Google celebrates 15th birthday in garage where it was born
MENLO PARK, Calif. -- Google went back to where it all began Thursday, to the Menlo Park garage where founders Larry Page and Sergey Brin first dreamed of a better search engine.
The company opened up the Silicon Valley landmark to the media to celebrate its 15th birthday.
Neighbors say the garage doesn’t get the busloads of tourists that regularly visit the Palo Alto garage of Hewlett-Packard or the Los Altos garage where Steve Jobs and Steve Wozniak built the first Apple computers. But the home is a crucial part of the company’s legacy and the history of Silicon Valley.
Google bought the 1,900-square-foot home in Menlo Park in 2006 from one of its own executives, Susan Wojcicki. She said she rented her garage and three rooms in the house to the Google founders, then just 25 years old, for $1,700 a month to help pay her mortgage. Google was based in the garage for five months and moved out when it had seven employees.
Google was just getting started, having just been incorporated and raising $1 million from a handful of investors.
Page and Brin poured themselves into building their search engine.
They also played ping pong in the garage, soaked in the hot tub and raided Wojcicki’s refrigerator, a precursor to the cosmopolitan buffet of free gourmet food Google has today.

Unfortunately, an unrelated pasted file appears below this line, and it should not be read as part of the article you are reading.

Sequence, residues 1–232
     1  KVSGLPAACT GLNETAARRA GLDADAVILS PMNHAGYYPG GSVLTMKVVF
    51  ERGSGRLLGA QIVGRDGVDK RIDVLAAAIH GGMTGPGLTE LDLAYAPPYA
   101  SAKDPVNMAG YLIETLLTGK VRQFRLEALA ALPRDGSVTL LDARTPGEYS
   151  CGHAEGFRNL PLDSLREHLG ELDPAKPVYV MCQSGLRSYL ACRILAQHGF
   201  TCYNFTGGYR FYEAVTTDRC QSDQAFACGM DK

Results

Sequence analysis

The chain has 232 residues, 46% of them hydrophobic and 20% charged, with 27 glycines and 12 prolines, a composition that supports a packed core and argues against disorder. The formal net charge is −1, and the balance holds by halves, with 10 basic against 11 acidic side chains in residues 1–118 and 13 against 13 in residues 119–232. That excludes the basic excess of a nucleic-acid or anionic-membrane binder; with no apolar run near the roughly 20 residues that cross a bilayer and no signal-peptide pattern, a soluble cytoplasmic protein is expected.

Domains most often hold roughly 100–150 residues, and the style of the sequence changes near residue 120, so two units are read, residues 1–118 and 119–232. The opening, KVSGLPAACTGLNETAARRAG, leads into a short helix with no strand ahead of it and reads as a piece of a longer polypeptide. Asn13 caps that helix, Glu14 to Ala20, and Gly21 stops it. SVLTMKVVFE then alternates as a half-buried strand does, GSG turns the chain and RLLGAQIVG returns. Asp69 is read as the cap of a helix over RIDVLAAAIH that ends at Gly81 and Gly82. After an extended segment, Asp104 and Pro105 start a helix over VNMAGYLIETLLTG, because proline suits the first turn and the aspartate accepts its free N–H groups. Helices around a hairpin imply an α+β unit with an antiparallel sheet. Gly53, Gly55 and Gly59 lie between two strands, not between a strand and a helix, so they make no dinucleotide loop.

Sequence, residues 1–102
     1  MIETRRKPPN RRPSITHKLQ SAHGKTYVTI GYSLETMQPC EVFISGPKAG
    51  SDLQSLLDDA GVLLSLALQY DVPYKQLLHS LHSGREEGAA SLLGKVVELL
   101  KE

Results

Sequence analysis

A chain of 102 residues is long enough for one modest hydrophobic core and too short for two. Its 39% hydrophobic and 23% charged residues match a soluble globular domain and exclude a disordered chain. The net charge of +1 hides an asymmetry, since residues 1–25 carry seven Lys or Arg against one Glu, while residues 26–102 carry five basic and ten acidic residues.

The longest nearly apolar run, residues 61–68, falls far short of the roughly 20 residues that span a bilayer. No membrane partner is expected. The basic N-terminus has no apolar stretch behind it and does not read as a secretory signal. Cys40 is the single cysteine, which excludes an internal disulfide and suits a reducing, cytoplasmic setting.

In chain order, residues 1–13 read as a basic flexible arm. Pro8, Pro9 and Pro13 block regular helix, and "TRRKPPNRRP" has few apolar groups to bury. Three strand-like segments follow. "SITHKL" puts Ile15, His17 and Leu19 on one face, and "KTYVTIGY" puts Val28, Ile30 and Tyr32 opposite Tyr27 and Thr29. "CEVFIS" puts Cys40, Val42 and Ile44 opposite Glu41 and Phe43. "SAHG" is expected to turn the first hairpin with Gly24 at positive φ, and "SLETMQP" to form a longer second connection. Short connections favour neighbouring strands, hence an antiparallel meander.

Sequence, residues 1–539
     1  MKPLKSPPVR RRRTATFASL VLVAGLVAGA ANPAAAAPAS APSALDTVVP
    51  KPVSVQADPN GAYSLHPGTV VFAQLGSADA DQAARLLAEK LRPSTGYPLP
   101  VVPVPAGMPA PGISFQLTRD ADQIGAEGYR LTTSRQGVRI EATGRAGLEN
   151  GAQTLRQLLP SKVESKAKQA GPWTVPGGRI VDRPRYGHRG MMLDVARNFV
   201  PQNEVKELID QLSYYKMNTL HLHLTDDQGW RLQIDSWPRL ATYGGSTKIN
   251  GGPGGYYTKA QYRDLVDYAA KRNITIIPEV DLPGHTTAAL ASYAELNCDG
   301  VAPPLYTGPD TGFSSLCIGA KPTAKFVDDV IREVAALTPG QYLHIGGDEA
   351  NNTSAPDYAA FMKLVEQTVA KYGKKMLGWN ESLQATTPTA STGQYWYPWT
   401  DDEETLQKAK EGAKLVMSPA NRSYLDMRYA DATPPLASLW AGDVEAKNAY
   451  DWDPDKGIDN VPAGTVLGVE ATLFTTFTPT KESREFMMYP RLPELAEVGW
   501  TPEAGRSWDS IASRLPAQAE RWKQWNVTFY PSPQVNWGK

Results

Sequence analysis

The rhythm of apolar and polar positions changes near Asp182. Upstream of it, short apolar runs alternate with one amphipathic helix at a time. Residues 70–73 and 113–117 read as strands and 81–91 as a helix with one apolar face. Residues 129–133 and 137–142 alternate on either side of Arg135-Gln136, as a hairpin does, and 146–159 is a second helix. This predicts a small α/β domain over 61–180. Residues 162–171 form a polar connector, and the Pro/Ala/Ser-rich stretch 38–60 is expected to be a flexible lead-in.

“At the time I didn’t know what to think about this,” Wojcicki said. Google was a tiny company trying to compete with established search engines. Then one day she couldn’t access Google.
“I realized how important Google had become to me,” Wojcicki said.
She joined the company a few months later. (She had to interview for the job even though she was Google’s landlord.)
Wojcicki says a lot has changed in 15 years, but three things have not.
Google is still focused on building a “great” search experience, she said.
The company is also focused on being global. (Page and Brin wrote on a whiteboard in the Menlo Park house: “Google’s worldwide headquarters,” she said.)
Even at the beginning, Google thought big, and continues to do that today with Internet-connected wearable computers, driverless cars and other futuristic projects, Wojcicki said.
“Even though a lot of things are different with Google, at the core we are the same,” she said. “We are 15 years in. We have a lot of work left to do.”